Content Marketing Primer

The concept is not a new one, and the philosophy behind it is simple: information needs vary throughout the sales cycle. Reach the target market with the right content, at the right time.

Rethinking Segmentation

Beyond developing segmentation based on characteristics of your target market, it’s important to further segment based on the prospective customer’s stage in the sales funnel: awareness, interest, consideration, or decision. Ask yourself (and sales!) — what are the needs of each stage? Let’s think about a simple sales cycle. At the top of the funnel, the content’s role is to build awareness. At the middle of the funnel, it’s all about driving brand preference, and at the bottom of the funnel, it’s all about conversion. Identify and develop the appropriate marketing content to address these needs.

Write the job description for the content and then execute.


At this point, your audience doesn’t know much about your company, products and services. These individuals may not even know they have a need. The goal of the content is to trigger a pain point and drive interest.

  • Blog posts
  • Podcasts
  • Whitepapers
  • Press
  • Newsletters

You have a prospect who needs a solution to a problem and starts actively looking for one. Marketing content in this phase should educate them about your product or service and help overcome potential barriers to adoption.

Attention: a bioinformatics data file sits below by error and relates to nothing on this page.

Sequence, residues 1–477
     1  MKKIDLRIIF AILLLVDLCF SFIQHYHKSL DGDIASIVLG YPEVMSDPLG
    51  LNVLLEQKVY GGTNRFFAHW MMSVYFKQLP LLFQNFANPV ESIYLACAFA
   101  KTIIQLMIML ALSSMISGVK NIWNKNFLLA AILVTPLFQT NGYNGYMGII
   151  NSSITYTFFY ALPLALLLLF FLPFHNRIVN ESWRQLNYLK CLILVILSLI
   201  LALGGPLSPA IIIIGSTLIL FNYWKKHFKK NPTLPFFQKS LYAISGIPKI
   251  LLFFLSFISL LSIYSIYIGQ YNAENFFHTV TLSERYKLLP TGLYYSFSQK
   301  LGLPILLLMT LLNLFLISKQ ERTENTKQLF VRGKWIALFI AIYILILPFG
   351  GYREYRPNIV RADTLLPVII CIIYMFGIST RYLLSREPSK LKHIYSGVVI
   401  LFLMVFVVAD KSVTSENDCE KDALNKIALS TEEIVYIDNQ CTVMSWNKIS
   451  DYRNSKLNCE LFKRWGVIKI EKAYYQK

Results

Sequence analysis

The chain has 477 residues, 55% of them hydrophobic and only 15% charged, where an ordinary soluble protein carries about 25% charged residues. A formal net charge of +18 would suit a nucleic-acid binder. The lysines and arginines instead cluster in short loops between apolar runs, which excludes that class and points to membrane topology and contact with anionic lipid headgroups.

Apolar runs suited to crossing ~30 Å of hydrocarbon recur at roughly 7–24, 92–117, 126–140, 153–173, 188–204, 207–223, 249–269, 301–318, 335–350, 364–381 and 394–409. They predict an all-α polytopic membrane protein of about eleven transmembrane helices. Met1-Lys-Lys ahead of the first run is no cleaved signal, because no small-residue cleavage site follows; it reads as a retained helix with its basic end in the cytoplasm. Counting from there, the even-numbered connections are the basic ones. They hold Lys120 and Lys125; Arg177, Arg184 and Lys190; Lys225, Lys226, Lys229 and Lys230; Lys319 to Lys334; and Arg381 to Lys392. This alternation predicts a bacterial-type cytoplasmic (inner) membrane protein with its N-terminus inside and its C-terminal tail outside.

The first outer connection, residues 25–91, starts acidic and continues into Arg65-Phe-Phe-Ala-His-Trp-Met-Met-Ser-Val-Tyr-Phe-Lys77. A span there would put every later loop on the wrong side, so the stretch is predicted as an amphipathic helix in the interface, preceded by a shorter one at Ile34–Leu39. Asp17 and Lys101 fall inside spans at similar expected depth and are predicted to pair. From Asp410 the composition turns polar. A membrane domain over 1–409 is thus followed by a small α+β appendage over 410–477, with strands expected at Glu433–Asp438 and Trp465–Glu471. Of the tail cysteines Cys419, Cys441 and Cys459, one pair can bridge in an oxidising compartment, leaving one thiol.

• Webinars
  • Solution videos
  • Events
  • Data sheets
  • Clinical case studies
  • Solution sell-in decks

Moving leads through the funnel requires close collaboration between marketing and sales. In this phase, your marketing content should demonstrate value and help differentiate your product or service from competitors.

  • Buying guides
  • Evaluation tools
  • Custom events
  • Customer testimonials
  • Product demos
  • Product trials

When you’ve reached the bottom of the funnel, it’s all about driving action and decision now. Content at this phase should demonstrate economic value and assist the influencer in securing purchase approval.

  • Business cases
  • Proformas
  • ROI case studies
  • Executive presentations
  • Site visits
  • Financial services

This basic 4-phase sales funnel can be expanded to include additional phases such as loyalty and advocacy once you’ve developed a substantial installed base.

Leave a Reply

Your email address will not be published. Required fields are marked *